August 19, 2014

More Possible Evidence for the Inhibitory Effects of Affect Labeling

The Article Can Be Found Here
In brief, it describes a study that examines the effect of affect labeling on symptom reporting. This topic of affect (or emotion) labeling has had some fantastic research done on it as of late.  Amelia Aldao did a nice write-up of it on her blog:

Overview:  This study exposed students with various levels of habitual (non-medically based) symptom reporting to a modified induction and affect labeling task. Individuals were shown pleasant and unpleasant images (a task shown previously to elevate symptom reporting), then instructed to passively view the images or to apply a forced-choice emotional or content label to them. Post-trial affect ratings and symptom reports were collected, and HRV was measured throughout. Additionally, participants were given a baseline motor inhibition task and self-control questionnaires.

The authors found that both emotional and non-emotional (content) labeling significantly reduced experienced affect (both positive and negative) as well as symptom reports, and that these effects were most pronounced for those with higher levels of habitual symptom reporting. Measures of inhibitory capacity (HRV, motor inhibition, self-report) were not associated with the beneficial effects of labeling, suggesting perhaps that labeling may influence symptoms through processes such as distraction rather than through inhibitory effects (though the authors indicate their task may have limitations).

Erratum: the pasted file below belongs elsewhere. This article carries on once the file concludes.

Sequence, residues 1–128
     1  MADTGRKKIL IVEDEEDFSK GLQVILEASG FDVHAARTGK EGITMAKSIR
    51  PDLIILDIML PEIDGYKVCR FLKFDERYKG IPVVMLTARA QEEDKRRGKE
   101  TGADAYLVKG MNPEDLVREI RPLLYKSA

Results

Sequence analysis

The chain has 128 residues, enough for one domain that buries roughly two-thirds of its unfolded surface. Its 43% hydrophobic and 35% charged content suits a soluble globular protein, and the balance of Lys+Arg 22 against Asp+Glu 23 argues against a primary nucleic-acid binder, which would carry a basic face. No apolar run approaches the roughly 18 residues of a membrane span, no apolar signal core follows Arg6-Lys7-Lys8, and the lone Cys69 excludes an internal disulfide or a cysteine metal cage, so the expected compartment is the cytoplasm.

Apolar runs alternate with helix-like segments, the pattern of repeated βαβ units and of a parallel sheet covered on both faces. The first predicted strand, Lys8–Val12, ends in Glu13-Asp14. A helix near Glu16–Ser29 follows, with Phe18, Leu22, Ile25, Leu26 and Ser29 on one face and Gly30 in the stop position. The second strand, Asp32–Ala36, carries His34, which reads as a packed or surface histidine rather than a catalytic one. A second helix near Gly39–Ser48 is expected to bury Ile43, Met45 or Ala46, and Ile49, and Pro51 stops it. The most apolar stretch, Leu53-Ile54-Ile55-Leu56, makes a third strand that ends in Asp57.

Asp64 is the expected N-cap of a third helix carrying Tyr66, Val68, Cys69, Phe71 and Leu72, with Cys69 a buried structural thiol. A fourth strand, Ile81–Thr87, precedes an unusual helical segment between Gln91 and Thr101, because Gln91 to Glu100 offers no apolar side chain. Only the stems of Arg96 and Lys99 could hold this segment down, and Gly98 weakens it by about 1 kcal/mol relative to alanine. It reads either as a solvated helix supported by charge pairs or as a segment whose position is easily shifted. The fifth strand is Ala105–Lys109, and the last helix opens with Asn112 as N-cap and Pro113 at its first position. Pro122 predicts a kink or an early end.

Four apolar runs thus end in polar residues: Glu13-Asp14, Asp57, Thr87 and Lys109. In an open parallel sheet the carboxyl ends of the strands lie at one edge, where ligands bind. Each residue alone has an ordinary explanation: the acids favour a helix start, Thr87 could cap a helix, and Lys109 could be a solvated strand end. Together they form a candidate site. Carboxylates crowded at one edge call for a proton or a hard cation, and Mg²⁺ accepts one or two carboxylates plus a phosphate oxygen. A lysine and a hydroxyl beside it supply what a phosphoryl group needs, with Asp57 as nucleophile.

Discussion Questions:

1.  Many individuals suggest that applying affect (or emotion) labels facilitates regulation by providing us with information on our emotional experiences. Do you agree? If so, how might you explain why content labeling provided a similar benefit in the current study? Might labeling operate through distraction instead, like these authors suggest?  Or through other channels?

2.  What role does emotional vocabulary/intelligence play in the ability to label?  Do those with a larger array of emotion words have inherently better labeling abilities?  What other factors might be at play?

3.  Have you used emotional labeling (e.g. creating an emotion dictionary, including emotions in thought logs) with your clients?  If so, what were the outcomes?  Is this a skill that might be worth incorporating across treatment approaches? Why or why not?

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